On Aug. 8, the U.S. Treasury Department’s Office of Foreign Assets Control (OFAC) sanctioned cryptocurrency mixer Tornado Cash for allegedly helping launder more than $7 billion worth of cryptocurrency over three years.1 OFAC’s designation of Tornado Cash as a sanctioned entity is one of the latest examples of the federal government’s increased regulation of decentralized financial platforms. Just one month after OFAC issued the sanctions, six Tornado Cash investors are suing OFAC, alleging that OFAC exceeded its statutory authority. Financially backed by the digital currency platform Coinbase, the investor-plaintiffs seek declaratory and injunctive relief under both the U.S. Constitution and the Administrative Procedure Act. On Sept. 13, OFAC issued clarification regarding both prohibited and permissible activity of Tornado Cash transactions initiated prior to its Aug. 8 designation.
In addition, on Sept. 9, Securities and Exchange Commission Chair Gary Gensler announced he was working with Congress to enact legislation further regulating cryptocurrency.
Cryptocurrency transactions are recorded on a blockchain, which allows the transfer of assets to be digitally traced. As a cryptocurrency mixer, however, Tornado Cash contravenes this tracking function by combining streams of digital asset transfers and obscuring each asset’s source. While this feature increases privacy of cryptocurrency transactions, it also makes it harder for law enforcement officials to track transactions. To curtail illegal use of Tornado Cash’s platform, OFAC’s designation prohibits transactions to or from Tornado Cash, freezes all assets sitting in Tornado Cash, and bans the cryptocurrency mixer’s very code.
The plaintiffs assert that these restrictions penalize all digital currency users rather than specific bad actors. Moreover, Tornado Cash is a set of “smart contracts,” which are pieces of code that operate independently of any person or entity. Thus, unlike Blender.io, another cryptocurrency mixer OFAC has sanctioned, Tornado Cash is a noncustodial software application, not an entity in the traditional sense of the term. Consequently, the plaintiffs are challenging the designation on First Amendment free speech grounds, arguing that OFAC lacks the authority to restrict access to a software program because software is a form of speech.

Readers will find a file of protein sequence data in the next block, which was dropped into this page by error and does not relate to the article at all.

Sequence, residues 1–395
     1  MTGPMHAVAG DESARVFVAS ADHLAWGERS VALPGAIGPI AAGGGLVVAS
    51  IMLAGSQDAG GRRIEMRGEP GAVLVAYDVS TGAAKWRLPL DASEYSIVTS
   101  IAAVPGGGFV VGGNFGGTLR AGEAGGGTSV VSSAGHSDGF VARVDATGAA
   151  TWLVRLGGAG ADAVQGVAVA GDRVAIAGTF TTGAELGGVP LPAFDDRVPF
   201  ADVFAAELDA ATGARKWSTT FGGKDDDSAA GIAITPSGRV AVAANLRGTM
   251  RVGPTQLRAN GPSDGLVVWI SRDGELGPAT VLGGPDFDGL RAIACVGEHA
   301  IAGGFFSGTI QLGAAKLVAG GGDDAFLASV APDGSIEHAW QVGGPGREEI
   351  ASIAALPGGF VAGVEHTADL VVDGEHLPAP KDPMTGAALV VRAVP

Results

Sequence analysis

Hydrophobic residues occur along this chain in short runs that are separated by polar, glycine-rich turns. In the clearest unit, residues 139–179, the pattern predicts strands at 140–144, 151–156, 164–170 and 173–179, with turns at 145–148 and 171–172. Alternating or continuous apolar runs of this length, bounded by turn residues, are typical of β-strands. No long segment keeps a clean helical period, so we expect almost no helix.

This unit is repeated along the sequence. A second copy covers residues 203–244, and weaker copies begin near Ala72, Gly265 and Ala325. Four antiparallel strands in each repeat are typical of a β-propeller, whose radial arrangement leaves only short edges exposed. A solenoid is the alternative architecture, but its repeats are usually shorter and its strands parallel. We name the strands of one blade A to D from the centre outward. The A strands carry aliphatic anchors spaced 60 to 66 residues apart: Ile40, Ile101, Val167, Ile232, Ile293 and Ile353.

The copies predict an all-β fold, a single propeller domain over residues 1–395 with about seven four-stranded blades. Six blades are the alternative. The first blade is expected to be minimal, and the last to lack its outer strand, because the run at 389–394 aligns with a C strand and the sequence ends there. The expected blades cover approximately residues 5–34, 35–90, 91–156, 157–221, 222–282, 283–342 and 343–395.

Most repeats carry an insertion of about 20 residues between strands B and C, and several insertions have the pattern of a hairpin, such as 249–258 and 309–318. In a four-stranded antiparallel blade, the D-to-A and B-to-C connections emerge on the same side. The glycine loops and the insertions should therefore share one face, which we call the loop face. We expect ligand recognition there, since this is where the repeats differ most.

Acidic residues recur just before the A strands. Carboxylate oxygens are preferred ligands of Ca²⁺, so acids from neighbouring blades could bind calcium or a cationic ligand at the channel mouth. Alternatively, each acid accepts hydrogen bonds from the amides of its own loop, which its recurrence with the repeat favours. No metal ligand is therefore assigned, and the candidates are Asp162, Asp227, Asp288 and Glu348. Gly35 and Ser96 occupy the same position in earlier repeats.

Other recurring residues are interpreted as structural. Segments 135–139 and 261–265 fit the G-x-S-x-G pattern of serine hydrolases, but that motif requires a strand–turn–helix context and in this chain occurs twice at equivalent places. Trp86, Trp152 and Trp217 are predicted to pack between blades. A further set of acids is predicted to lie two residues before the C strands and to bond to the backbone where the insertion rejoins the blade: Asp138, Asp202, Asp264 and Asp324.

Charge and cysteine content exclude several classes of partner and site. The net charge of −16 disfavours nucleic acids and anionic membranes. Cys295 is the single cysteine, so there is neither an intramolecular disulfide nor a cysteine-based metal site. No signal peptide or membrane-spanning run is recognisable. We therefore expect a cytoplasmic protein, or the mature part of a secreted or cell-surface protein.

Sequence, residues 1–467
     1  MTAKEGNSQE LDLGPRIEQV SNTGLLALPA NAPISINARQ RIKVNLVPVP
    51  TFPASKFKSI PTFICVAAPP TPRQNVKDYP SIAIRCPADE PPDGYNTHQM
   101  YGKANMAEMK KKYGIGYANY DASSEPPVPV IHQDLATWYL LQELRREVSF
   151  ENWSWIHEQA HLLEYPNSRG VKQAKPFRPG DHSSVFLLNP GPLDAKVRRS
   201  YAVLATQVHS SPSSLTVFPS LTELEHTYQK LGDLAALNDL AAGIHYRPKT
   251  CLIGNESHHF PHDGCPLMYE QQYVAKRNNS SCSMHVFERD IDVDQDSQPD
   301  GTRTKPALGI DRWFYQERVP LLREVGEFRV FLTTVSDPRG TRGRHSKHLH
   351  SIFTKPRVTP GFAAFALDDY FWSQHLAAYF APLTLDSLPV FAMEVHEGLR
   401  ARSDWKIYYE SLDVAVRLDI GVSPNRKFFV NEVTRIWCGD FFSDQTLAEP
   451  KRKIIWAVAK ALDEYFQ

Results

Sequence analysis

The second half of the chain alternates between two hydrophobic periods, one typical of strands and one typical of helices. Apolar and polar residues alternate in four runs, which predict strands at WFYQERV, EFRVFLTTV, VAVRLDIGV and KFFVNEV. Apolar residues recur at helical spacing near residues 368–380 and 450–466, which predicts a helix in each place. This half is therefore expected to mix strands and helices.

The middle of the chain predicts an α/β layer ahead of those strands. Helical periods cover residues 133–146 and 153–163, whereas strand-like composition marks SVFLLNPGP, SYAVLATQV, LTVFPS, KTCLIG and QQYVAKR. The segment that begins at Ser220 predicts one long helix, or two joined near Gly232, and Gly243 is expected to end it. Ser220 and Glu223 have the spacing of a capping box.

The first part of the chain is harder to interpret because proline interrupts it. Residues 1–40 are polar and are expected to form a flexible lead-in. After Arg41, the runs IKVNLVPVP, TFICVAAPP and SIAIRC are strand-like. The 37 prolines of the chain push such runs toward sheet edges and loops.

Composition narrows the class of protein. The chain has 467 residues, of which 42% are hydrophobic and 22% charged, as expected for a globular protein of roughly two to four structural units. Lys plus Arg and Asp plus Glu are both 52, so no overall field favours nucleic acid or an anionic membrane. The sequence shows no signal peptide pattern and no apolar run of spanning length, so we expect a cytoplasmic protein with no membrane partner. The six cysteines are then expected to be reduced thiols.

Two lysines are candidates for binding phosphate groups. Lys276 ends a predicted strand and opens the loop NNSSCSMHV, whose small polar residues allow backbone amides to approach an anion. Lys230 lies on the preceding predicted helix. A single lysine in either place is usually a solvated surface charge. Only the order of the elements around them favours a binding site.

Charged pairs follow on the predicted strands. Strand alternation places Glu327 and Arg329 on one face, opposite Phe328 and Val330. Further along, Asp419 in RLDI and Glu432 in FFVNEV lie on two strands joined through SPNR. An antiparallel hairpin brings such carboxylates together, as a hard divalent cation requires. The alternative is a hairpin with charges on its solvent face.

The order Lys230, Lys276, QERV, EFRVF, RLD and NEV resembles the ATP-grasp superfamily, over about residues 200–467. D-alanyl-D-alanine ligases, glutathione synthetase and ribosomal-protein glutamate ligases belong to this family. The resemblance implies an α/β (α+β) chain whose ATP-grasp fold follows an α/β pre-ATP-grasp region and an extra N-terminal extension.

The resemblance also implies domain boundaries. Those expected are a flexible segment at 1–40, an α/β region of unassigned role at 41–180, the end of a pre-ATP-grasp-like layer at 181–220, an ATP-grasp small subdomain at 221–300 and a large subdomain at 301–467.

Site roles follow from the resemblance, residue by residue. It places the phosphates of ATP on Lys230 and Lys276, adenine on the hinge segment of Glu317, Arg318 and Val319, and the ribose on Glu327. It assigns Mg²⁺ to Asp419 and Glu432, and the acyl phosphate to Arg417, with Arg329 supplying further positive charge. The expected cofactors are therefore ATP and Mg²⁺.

Seemingly in response to the lawsuit, on Sept. 13, OFAC clarified that interacting with open source code in a way that does not involve a prohibited transaction with Tornado Cash is allowed. Specifically, it is permissible to copy the open source code and make it available online for others to view as well as to discuss, teach about, or include open source code in written publications.
The Tornado Cash designation reflects the recent increased scrutiny of cryptocurrency transactions by OFAC and other U.S. regulatory and enforcement agencies, including the Financial Crimes Enforcement Network (FinCEN). In parallel with this increased enforcement attention, OFAC and FinCEN have published guidance for parties engaging in virtual currency transactions, effectively putting the industry on notice that the U.S. government will take action against those that seek to evade U.S. sanctions. The Tornado Cash designation illustrates that OFAC believes even technical protocols can be sanctioned.
Given the latest OFAC enforcement, cryptocurrency holders should take note of the following:
- Absent a specific license from OFAC, U.S. persons cannot engage in transactions involving identified Tornado Cash virtual currency wallet addresses or any other party designated by OFAC.2
- Transactions involving parties, including cryptocurrency exchanges, located in embargoed regions (currently Cuba, Iran, North Korea, Syria, and the Crimea, Donetsk, and Luhansk regions of Ukraine) are prohibited unless authorized by OFAC through a license.
- if U.S. persons initiate or otherwise engage in a transaction with Tornado Cash, including through one of its wallet addresses, such a transaction would violate U.S. sanctions prohibitions unless exempt or authorized by OFAC.
- For transactions involving Tornado Cash that were initiated prior to its designation on Aug. 8 but not completed by the date of designation, U.S. persons or persons conducting transactions within U.S. jurisdiction may request a specific license from OFAC to engage in transactions involving the subject virtual currency.
- Sanctions do not prevent U.S. persons from visiting the internet archives for the Tornado Cash historical website or visiting the Tornado Cash website if it again becomes active on the internet.3
Violations of OFAC sanctions can carry significant liability, including fines of more than $300,000 per violating transaction (or twice the value of the transaction, whichever is greater), and criminal penalties in cases where the violating party intended to violate the sanctions. Additionally, OFAC settlements, which include detailed reporting of a company’s violating behavior, are frequently published and can cause reputational damage to a company.
Individuals and companies involved in virtual currency transactions should implement compliance procedures to confirm that any such transactions do not involve a designated party or a party located in an embargoed region. Making reasonable efforts to comply with regulations not only reduces the risk of a violation but is also considered a mitigating factor by OFAC in the event of an inadvertent violation. If a party believes they may have violated sanctions laws, they should consider, in consultation with their counsel, whether a voluntary disclosure to OFAC is appropriate. Voluntary disclosures can provide certainty regarding potential violations and also are considered mitigating factors by OFAC in any penalty assessment, but the party needs to provide a complete factual description and legal analysis for OFAC to consider.